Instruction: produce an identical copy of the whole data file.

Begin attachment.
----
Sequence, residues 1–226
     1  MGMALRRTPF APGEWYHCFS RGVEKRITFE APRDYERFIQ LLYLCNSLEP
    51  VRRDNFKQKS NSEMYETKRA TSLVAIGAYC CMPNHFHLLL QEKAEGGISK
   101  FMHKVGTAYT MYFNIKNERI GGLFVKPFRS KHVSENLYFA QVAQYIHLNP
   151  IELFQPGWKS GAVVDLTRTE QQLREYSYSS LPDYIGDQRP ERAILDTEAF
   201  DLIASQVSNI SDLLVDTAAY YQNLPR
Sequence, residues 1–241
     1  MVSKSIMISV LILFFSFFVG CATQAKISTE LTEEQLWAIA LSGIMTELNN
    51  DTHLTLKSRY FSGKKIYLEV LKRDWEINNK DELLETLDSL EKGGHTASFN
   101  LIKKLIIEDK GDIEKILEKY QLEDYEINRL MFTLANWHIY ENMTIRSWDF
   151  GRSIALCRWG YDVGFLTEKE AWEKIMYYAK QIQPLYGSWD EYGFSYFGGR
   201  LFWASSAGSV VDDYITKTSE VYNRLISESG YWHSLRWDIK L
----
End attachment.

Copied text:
Sequence, residues 1–226
     1  MGMALRRTPF APGEWYHCFS RGVEKRITFE APRDYERFIQ LLYLCNSLEP
    51  VRRDNFKQKS NSEMYETKRA TSLVAIGAYC CMPNHFHLLL QEKAEGGISK
   101  FMHKVGTAYT MYFNIKNERI GGLFVKPFRS KHVSENLYFA QVAQYIHLNP
   151  IELFQPGWKS GAVVDLTRTE QQLREYSYSS LPDYIGDQRP ERAILDTEAF
   201  DLIASQVSNI SDLLVDTAAY YQNLPR
Sequence, residues 1–241
     1  MVSKSIMISV LILFFSFFVG CATQAKISTE LTEEQLWAIA LSGIMTELNN
    51  DTHLTLKSRY FSGKKIYLEV LKRDWEINNK DELLETLDSL EKGGHTASFN
   101  LIKKLIIEDK GDIEKILEKY QLEDYEINRL MFTLANWHIY ENMTIRSWDF
   151  GRSIALCRWG YDVGFLTEKE AWEKIMYYAK QIQPLYGSWD EYGFSYFGGR
   201  LFWASSAGSV VDDYITKTSE VYNRLISESG YWHSLRWDIK L